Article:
·         The example Privacy Notice from NHSX legally meets the terms of the COPI notice for COVID-19. This Tier 2 Data Sharing Agreement is governed under the COVID-19 COPI notice.

 

·         It is at the discretion of any partner organisation in the sharing agreement to add to the privacy notice. This would further meet GDPR 13(3) beyond the COPI notice under which this DSA is covered.

 

·         The management of the four levels of data - patient identifiable; pseudonymised; pseudonymised and non-reidentifiable; and anonymised/aggregate – are set out in the Tier 2 data sharing agreement.

 

·         The fair processing required for a solution of this type is the privacy notice. Each organisations web site should be updated to inform data subjects that the programme is in place and the legal basis that is being used to share data.

 

·         Consideration should be given to the use of both local media and existing communications channels to ensure transparency.

·          

Reduced

Low

Choose an item.

Failure to have processes in place to facilitate the following data protection rights requests could result in a breach Article 15, Article 16, Article 18 and Article 21

 

·         Right of Access

·         Right to Rectification

·         Right to Restrict Processing

·         Right to Object

 

 

Possible

Significant

High

·         Each Data Controller is accountable under GDPR, and will have their own measures in place to meet the eight Rights of Data Subjects.

·          

·         If a Data Subject of any partner organisation wishes to exercise or challenge one of their Rights, they would do that with their provider organisation(s).

·          

·         Each Data Controller will remain responsible and accountable under GDPR for their clients.

·          

·         The host Trust of the platform – St Helens and Knowsley Teaching Hospitals NHS Trust – have in place their data processing and cyber policies and procedures to maintain the rights of the data subjects.

·          

Reduced

Low

Choose an item.

Failure to ensure that the supplier is compliant with Government and National Cyber Security Standards for cloud based computing could lead to a breach of our security obligations under Article 32 of the GDPR

Possible

Significant

High

·         Data will be stored on ‘Azure cloud’, which is compliant with Information Governance standards and is safe and secure. Azure is assessed to ISO 27001, ISO 27017, ISO 27018, and many other internationally recognized standards. The scope and proof of certification and assessment reports are published on the Azure Trust Centre section for ISO certification here: https://www.microsoft.com/en-us/trustcenter/compliance/iso-iec27001. The ISO 27001 assessment was performed by the BSI.

·         SystemC and Graphnet Health Ltd comply with the 13 infrastructure as a service (IaaS) principles and are accredited as such e.g. Cyber essentials.

·          

·         Details are available on request contained within the “CareCentric population health cloud assurance” document.

·          

Reduced

Low

Choose an item.

Failure to define the process in which direct care providers outside of an LA area can access the records of patients outside of their area could result in data being accessed inappropriately leading to a Data Protection Act Section 170 offence

 

Possible

Severe

High

The following processes are in place

·         The supplier defines rigorous role based access (RBAC) protocols to ensure   access to data is limited to those authorised and maintains a register of RBAC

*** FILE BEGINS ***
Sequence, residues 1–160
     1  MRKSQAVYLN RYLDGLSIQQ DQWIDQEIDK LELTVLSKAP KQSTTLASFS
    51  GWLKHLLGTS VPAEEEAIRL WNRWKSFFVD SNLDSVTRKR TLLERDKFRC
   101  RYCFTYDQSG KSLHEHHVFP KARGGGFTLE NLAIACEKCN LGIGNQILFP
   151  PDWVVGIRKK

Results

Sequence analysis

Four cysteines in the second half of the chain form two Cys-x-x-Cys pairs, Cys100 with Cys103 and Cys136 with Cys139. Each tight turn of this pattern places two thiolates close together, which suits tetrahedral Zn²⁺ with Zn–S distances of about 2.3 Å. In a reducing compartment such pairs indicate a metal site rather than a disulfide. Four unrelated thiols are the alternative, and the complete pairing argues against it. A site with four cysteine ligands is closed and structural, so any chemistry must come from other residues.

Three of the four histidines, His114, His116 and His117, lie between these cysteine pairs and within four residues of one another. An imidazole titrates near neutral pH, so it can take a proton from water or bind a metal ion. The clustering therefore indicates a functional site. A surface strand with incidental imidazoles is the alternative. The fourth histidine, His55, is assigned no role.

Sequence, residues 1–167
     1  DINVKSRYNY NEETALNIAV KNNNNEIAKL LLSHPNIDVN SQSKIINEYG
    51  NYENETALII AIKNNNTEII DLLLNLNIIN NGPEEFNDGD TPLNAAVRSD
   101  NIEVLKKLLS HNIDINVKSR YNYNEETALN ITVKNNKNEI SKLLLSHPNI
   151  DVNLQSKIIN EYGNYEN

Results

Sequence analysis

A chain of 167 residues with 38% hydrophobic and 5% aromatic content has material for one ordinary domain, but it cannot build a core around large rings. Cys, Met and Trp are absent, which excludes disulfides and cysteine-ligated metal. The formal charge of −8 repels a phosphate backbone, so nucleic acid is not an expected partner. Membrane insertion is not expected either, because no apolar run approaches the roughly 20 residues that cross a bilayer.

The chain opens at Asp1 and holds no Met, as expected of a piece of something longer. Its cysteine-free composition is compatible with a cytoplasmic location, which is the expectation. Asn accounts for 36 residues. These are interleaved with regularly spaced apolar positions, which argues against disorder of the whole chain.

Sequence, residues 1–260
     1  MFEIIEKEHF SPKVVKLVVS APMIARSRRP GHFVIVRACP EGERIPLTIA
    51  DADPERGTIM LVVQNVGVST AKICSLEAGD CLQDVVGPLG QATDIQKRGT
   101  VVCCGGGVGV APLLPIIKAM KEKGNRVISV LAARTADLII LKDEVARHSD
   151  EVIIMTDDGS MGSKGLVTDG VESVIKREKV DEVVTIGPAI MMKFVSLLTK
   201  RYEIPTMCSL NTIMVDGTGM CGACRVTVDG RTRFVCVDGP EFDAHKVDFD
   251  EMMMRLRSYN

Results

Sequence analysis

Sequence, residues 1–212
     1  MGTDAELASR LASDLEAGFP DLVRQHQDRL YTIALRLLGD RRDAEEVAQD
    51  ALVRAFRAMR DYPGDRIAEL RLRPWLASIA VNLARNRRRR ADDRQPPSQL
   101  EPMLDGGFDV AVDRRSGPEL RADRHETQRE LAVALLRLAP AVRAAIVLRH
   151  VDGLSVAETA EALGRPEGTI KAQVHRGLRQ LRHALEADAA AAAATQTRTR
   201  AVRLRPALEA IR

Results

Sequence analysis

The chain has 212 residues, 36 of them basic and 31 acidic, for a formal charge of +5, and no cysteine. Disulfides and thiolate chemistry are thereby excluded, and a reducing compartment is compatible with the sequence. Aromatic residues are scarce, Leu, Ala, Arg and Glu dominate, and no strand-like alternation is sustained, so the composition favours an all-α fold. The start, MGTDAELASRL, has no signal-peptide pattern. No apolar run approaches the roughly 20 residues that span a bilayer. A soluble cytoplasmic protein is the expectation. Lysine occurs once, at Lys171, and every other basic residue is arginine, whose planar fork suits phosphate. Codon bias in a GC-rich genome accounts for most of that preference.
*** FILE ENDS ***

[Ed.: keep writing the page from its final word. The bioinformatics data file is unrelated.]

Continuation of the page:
·         The supplier maintains an audit trail of access to data sources

·         The programme controls access to data assets through a ‘Data Asset and Access Group’ to ensure only legitimate access is granted to individual projects (use-cases). This is linked to the RBAC process

 

Reduced

Low

Choose an item.

Failure to have security processes in place to stop partners, with access to patient identifiable data, from accessing the portal from their own personal devices, this could result in a breach of each partner’s security obligations under Article 32 of the GDPR

Possible

Severe

High

The following mitigating processes are in place

·         Personal identifiable data can only be made available (re-identified) using the existing and approved ‘pseudo at source’ mechanism through the Data Services for Commissioners Regional Offices (DSCRO). This mechanism is obligated through the contract with the supplier

·         Through the RBAC processes and prior to approval to access any data those regional intelligence teams that can legitimately re-identify data using pseudo at source will be obliged to evidence their own procedures to ensure that personal identifiable information will not be accessible through personal devices

·         Access to the data storage service is based on best practice of whitelisting specific IP address ranges, this will reduce the risk of access via personal devices

·         When the service is accessed all actions are recorded within the audit trail

·         Access to local networks, be this direct or via virtual private network (VPN) will be subject to the acceptable usage policy of the organisation that the person making access works for. Each individual will be subject to the policies and procedures outlined by their employer

 

Reduced

Low

Choose an item.

Failure to have a process in place to audit access to patient identifiable data processes could result in a breach of our security obligations under Article 32.

Possible

Significant

High

The following mitigations are in place;

·         The Azure SQL environment logs all SQL queries which take place against the data marts to provide an audit trial of what identifiable data has been accessed and by whom

·         Requests for re-identification of cohorts through the Web Client application are recorded separately and will be provided on a regular basis to the CIPHA board

·         Access to the data will be subject to approval from the data controllers. The existing change control process would approve access and grant permissions

·         All activity reports are available as outlined above and would be provided to assist audit. Audit process and timeframes will be specific to each organisation